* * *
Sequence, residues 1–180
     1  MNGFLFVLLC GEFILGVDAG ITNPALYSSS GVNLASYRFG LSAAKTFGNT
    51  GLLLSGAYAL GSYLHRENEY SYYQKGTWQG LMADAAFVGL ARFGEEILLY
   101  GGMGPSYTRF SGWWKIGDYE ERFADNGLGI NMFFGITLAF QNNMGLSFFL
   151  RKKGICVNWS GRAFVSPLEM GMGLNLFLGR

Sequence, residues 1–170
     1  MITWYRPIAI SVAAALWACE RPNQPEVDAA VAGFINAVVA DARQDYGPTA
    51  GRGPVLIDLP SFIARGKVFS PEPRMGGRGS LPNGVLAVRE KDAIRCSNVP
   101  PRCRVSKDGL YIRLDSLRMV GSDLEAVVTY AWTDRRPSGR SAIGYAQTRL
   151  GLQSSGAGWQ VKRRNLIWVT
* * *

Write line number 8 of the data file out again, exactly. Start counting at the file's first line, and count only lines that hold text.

    51  GRGPVLIDLP SFIARGKVFS PEPRMGGRGS LPNGVLAVRE KDAIRCSNVP